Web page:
Pupils lobby minster for superfast broadband at north Suffolk school

Ringsfield pupils Harriet, Grace and Jasmine with leader of Suffolk County Council Mark Bee, Waveney MP Peter Aldous and minister for culture and digital industries Ed Vaizey. Ringsfield pupils Harriet, Grace and Jasmine with leader of Suffolk County Council Mark Bee, Waveney MP Peter Aldous and minister for culture and digital industries Ed Vaizey.

Thursday, July 31, 2014
6:55 AM

A north Suffolk primary school is to become one of the first rural schools in the county to have superfast broadband thanks to the work of three passionate pupils who travelled to Westminster to speak to the minister for culture and digital industries.

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Jasmine Blake, aged nine, Grace Mehew and Harriet Felton, both ten, who are pupils at Ringsfield Primary School, near Beccles, were joined on their trip by their head of school Jeremy Leicester, Waveney MP Peter Aldous and leader of Suffolk County Council Mark Bee.

They met with Ed Vaizey who is responsible for the rollout of superfast broadband across the UK, and spoke about the need for better and faster broadband at their school.

The pupils explained how important it is to enable them to log on quickly so that they can have a full lesson of computing and also to help them with their research for both topic work and homework.

Mr Vaizey thanked them for presenting their case and acknowledged the importance of rural primary schools getting access to superfast broadband as quickly as possible. It is expected that this will be available at Ringsfield in the next few months.

Jasmine, Grace and Harriet said: “We love computing and especially coding which is a part of the new National Curriculum. It was really exciting to be able to talk to Mr Vaizey about the problems we faced. We hope that all schools in Suffolk soon have access to superfast broadband so that all pupils can learn these important skills.”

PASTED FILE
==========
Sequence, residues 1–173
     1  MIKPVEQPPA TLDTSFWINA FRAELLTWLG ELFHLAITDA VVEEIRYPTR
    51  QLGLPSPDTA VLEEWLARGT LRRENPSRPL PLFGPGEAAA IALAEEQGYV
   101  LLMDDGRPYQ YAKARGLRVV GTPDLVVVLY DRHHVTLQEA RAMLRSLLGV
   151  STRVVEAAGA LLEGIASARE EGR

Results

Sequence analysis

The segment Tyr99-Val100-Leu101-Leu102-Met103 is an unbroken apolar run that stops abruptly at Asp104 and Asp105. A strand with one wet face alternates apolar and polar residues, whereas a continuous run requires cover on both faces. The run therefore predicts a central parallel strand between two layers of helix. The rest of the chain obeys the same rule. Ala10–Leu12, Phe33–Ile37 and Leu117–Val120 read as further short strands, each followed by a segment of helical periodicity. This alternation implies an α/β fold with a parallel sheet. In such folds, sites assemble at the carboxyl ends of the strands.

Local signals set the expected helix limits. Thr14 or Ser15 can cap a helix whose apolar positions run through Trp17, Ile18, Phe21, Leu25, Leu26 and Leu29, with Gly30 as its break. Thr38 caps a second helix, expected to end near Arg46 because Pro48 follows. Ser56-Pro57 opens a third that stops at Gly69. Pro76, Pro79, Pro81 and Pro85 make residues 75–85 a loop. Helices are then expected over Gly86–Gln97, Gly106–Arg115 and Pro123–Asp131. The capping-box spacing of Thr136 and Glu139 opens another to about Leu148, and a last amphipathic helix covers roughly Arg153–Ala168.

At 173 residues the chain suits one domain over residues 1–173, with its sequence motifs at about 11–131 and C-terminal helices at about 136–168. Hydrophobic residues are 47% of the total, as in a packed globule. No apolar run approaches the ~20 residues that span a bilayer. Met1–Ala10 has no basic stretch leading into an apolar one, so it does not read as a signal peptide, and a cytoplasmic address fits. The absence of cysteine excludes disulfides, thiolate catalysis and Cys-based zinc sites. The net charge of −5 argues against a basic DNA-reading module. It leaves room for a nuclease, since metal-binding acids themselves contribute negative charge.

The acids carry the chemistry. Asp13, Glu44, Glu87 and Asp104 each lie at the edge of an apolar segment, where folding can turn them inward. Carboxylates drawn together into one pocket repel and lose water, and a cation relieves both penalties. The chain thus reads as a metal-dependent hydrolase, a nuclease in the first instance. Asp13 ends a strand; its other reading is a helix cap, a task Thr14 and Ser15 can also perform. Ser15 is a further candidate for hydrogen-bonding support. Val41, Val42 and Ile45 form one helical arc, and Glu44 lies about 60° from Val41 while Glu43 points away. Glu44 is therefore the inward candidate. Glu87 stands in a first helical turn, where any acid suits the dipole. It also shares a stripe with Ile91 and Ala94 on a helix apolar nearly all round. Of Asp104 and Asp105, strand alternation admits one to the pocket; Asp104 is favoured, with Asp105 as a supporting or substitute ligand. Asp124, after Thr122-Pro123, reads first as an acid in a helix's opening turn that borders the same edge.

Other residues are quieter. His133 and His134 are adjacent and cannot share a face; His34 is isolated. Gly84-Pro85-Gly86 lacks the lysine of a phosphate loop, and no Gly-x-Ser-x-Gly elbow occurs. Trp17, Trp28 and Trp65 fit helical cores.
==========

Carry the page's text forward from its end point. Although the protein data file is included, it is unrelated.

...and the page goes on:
Mr Leicester added: “Our school has invested heavily in computing equipment recently, but we have struggled with very poor download speeds. We are delighted that the campaign the children of Oak Class ran has been successful and we are now looking forward to becoming one of the first rural schools in Suffolk to have superfast broadband.”

Mr Bee also outlined the work that Suffolk County Council is doing to roll out superfast broadband and said they plan to ensure that 95pc of properties have coverage as soon as possible, with the remaining 5pc of hard to reach properties receiving a good service.

Mr Aldous said: “I am most grateful to Jasmine, Grace and Harriet for being such passionate and well informed campaigners. They got their message over to the minister very clearly emphasising how important it is that rural schools which are often in broadband “notspots” are not forgotten.”

• Have you got a Beccles story? Email amy.smith@archant.co.uk

1 comment

  • Where I live, there are lots of shiny new BT green broadband cabinets. There are two problems.The first is that you have to sign up to be a customer of the arch-monopoly BT (schmoozer of Suffolk MPs by way of Olympic tickets) as other ISPs cannot access the BT broadband network at reasonable cost and make it available to their customers. Secondly, people who do have the supposedly wonderful BT Superfast Broadband hereabouts do not get speeds much superior to those I have over copper. BT remains the monopoly it always was, and personally I cannot think of a worse provider, especially one that charges you a fee above the actual service charges for just paying your bill.

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    T Doff

    Thursday, July 31, 2014

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